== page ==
MONDAY, Nov. 9 (HealthDay News) -- Autistic children are more likely to have handwriting problems, including trouble forming letters, than those without autism, researchers say.
The new study included 28 children, aged 8 to 13. Half of the study participants had autism spectrum disorder, but all of the children scored within the normal range for perceptual reasoning on an IQ test.
The children were asked to copy a scrambled sentence -- "the brown jumped lazy fox quick dogs over" -- to eliminate any speed advantage for children who were more fluent readers.
Five categories were used to score the participants' handwriting: legibility, form, alignment, size and spacing. Half of the 14 children with autism earned less than 80 percent of the total possible points, compared with one of 14 children in the group without autism. Nine of the children with autism scored below 80 percent in the form category, compared with two of the children without autism, the researchers reported.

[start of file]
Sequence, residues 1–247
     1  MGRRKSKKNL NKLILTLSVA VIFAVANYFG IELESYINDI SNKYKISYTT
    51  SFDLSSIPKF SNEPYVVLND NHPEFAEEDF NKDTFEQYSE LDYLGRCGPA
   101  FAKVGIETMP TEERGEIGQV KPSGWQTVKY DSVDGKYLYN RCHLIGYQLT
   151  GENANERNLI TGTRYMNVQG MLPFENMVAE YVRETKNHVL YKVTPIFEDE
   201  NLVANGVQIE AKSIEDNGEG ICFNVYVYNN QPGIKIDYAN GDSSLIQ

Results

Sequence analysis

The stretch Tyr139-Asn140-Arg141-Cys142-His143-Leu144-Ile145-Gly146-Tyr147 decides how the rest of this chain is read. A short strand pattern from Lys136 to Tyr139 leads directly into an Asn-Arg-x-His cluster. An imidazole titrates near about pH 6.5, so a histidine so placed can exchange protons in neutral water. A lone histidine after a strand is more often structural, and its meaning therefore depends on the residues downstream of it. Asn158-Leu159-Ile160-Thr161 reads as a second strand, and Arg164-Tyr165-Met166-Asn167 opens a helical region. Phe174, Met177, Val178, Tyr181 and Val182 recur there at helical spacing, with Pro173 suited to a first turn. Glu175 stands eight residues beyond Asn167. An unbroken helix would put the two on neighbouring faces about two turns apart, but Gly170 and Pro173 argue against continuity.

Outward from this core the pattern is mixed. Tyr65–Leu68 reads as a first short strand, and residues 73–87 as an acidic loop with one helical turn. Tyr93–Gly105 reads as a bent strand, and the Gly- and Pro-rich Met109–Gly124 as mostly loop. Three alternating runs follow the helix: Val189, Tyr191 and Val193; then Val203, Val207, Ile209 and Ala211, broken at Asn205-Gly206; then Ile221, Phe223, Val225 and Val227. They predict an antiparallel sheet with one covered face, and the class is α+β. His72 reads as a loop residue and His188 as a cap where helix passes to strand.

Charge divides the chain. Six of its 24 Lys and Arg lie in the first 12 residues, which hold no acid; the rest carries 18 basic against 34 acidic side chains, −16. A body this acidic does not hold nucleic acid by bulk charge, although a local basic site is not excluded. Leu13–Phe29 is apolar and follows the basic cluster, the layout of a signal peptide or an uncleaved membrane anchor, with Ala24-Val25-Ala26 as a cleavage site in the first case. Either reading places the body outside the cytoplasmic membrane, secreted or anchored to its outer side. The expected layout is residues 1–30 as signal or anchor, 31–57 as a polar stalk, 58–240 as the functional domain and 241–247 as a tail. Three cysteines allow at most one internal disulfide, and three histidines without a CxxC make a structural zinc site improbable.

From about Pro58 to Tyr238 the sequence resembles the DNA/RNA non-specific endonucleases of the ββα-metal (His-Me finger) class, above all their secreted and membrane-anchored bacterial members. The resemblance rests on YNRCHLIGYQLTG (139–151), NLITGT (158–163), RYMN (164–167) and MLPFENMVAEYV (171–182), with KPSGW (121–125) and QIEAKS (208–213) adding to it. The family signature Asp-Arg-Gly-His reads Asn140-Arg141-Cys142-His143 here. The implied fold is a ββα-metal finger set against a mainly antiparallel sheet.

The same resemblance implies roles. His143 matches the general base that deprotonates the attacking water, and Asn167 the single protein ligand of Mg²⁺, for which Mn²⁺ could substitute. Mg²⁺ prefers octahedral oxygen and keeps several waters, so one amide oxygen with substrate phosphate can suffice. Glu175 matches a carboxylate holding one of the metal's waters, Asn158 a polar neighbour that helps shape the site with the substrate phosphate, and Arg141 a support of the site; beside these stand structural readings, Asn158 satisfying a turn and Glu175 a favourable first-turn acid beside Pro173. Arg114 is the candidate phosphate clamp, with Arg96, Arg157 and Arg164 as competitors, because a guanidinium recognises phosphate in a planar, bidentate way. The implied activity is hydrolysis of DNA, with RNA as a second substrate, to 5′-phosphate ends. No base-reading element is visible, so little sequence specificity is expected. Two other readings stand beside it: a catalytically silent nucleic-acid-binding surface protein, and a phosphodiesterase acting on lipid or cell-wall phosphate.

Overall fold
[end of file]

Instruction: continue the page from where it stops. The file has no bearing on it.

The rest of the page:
The overall handwriting quality was poorer in children with autism, but all of the children in both groups were able to align, space and size their letters equally well, the study authors noted in their report in the Nov. 10 issue of Neurology.
"Our results suggest that therapies targeting motor skills may help improve handwriting in children with autism, which is important for success in school and building self-esteem," study author Amy Bastian, of the Kennedy Krieger Institute and Johns Hopkins School of Medicine in Baltimore, said in a news release from the American Academy of Neurology. "Such therapies could include training of letter formation and general training of fine motor control to help improve the quality of their writing."
The U.S. National Institute of Neurological Disorders and Stroke has more about autism.
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